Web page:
“If it doesn’t matter to you, then what’s the fucking point?”, he spat across the table, giving me an incredulous stare.

Believe it or not, but my colleague is actually nice. He has twinkly eyes that look at you through a pair of small, round and funny glasses, they remind me of Gyro Gearloose. He is short and bald and goes through life laughing a lot. When he sees me, he greets me by hitting me enthusiastically on my shoulder.

We were watching football in Budapest’s Irish Pub. The match was boring. My night was terrific.

I thought about the question. When it comes to devoting your waking hours to philosophy, it seemed urgent. One becomes a philosopher to think about an issue one cares about. If this problem doesn’t matter to you, then why are you spending your time on it?

My fellow PhD-candidate in philosophy is about 60 years old and has been working on the same topic for many years now. It must mean something to him.

Last year, I overheard the best philosopher I know informing a younger student that “if you want to be a good philosopher, you’ve got to live and breathe philosophy. It has to be your life”.

By this, he didn’t mean that you should be a hamster wheel in today’s ratrace. Quite the opposite. What he gets at is that your subject must be important to you.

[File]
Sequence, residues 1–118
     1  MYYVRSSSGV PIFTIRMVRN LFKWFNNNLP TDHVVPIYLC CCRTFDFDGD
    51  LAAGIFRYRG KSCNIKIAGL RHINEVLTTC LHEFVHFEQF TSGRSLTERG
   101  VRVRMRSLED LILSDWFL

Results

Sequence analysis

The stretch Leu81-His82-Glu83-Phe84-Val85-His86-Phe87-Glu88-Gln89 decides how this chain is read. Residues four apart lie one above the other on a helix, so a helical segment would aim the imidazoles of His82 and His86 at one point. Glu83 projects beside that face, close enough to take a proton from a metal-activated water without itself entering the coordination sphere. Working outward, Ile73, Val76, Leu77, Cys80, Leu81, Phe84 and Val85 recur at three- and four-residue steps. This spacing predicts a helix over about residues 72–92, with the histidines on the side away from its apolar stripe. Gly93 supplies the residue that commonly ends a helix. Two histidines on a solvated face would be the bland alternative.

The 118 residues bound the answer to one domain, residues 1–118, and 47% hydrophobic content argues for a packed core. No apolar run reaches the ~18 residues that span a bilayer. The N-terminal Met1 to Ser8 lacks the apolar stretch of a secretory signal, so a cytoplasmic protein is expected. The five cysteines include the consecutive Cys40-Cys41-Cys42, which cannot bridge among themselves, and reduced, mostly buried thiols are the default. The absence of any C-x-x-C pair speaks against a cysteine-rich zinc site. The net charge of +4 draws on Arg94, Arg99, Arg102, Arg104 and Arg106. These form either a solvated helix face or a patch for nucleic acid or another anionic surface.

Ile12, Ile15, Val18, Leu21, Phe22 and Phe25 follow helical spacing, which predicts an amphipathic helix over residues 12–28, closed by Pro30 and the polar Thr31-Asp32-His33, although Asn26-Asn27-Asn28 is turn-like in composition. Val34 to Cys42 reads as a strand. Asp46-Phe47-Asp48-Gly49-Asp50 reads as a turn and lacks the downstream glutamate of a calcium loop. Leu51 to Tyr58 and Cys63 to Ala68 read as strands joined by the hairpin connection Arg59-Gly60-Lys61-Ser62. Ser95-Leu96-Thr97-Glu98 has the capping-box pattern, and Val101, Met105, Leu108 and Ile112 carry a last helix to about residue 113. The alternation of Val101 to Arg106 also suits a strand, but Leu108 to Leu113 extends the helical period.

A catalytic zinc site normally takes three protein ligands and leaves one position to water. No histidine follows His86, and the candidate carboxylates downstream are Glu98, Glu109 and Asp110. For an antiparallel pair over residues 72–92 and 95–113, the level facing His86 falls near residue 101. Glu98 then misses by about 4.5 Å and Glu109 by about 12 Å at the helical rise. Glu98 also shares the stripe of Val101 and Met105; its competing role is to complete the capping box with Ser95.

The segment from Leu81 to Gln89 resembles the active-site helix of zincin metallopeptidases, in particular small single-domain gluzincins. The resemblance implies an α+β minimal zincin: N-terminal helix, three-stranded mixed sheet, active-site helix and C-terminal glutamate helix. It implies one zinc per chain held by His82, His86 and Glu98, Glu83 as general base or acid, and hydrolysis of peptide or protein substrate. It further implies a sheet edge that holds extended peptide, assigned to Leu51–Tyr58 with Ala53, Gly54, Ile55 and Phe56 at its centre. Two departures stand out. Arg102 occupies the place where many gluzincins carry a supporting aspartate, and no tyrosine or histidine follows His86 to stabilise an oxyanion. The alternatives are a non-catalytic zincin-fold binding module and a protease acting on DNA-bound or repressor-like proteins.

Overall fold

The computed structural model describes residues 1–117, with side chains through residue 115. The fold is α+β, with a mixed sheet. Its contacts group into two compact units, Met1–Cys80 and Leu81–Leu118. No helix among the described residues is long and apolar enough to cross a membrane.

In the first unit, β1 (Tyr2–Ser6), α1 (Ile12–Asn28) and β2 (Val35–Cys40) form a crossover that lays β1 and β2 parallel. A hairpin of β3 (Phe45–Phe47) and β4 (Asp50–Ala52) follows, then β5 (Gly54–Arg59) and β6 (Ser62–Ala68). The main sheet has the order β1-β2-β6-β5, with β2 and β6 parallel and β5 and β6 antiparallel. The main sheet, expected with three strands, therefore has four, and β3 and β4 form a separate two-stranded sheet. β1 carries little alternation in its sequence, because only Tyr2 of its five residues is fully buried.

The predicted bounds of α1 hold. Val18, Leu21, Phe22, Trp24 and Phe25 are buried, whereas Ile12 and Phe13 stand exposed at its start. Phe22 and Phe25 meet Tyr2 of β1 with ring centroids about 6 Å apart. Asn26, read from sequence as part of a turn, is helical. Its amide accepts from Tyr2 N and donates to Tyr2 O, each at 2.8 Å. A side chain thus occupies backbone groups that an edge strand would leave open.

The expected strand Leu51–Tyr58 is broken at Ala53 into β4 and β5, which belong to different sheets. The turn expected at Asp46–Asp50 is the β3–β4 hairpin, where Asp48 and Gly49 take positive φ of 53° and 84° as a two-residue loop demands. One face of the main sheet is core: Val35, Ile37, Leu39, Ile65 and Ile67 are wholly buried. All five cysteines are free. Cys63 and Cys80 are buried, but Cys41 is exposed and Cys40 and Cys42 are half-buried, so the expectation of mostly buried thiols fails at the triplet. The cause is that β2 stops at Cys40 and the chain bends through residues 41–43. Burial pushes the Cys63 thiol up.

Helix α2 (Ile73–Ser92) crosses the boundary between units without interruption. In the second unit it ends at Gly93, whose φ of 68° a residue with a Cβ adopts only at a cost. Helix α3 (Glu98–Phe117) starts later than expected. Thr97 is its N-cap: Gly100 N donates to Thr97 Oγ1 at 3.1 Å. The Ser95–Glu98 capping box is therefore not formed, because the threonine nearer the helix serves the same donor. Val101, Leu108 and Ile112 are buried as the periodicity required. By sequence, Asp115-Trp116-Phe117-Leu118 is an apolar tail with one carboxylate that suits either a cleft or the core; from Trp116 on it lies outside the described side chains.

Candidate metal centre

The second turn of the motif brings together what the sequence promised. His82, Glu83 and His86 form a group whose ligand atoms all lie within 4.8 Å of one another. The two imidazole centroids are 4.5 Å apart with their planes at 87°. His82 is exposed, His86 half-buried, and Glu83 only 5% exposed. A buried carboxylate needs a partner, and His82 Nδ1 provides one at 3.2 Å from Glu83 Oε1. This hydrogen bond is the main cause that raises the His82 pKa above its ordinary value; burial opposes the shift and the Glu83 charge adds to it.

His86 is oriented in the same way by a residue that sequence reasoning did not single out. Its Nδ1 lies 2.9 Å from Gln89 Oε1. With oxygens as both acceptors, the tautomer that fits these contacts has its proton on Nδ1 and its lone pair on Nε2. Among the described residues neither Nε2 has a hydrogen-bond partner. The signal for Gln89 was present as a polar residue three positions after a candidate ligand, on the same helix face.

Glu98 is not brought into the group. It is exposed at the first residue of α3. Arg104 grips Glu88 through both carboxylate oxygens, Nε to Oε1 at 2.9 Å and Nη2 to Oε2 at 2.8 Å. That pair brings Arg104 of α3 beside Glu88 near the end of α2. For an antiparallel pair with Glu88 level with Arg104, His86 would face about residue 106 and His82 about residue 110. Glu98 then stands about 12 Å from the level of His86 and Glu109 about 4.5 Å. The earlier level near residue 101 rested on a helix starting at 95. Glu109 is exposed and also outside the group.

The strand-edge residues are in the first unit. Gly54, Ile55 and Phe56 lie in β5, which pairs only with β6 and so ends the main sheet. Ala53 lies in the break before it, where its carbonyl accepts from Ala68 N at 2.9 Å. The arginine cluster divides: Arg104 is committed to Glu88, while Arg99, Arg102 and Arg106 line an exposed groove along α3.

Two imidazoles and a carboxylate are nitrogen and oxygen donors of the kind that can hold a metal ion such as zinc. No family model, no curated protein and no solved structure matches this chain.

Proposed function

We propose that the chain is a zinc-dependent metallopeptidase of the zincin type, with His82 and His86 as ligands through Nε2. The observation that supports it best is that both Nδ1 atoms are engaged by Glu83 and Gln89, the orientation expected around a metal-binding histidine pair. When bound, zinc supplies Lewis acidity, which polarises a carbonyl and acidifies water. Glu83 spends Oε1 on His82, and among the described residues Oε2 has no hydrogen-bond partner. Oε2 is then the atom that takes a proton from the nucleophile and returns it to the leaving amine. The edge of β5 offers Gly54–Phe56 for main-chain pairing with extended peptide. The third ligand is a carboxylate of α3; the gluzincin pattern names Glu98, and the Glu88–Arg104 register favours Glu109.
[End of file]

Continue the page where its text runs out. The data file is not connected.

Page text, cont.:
I had him on my upcoming podcast, and we talked about the meaning of life. Afterwards, he told me: “You’ve got to find something for which you’d be willing to get up in the morning for, every day.”

You must try.

When I read such ideas in self-improvement articles, they sound exaggerated. When I talk about these things with friends and mentors in real life, I realize that they are not.

If the bullshit-job polls are correct, many people spend their time on something that’s not worth it in itself and/or doesn’t matter to them.

They don’t try.

Back at the bar, the match still failed to entertain.

We ordered another beer and I confessed that I’m not sure how much I really care about my research.

I get up every day because I enjoy thinking, learning, writing. I’d like to make a difference in some way or other, but I would be lying if I said I have a grand dream driving me. There is not a something for which I get up every day — and I doubt whether that’s the right way to look at it.

Sometimes I wonder whether pursuing a PhD in philosophy is the right way to spend my time. I don’t think that I want to work in academia later. I enjoy blogging a lot. Do the math.

Whatever. I don’t know.

At least I’m trying.

I like to surround myself with people who don’t take themselves too seriously.Their goals are not all that matters to them in their life, but because respect themselves, they try their hardest to achieve them anyway.

My colleague seems to have found his thing. Since he is in Budapest most of the time, he doesn’t get to see his family as much as most fathers do. Yet he is a light-hearted man. I admire this blend of cheerfulness and dedication.

That is how I’d like to be.

How I try to be.

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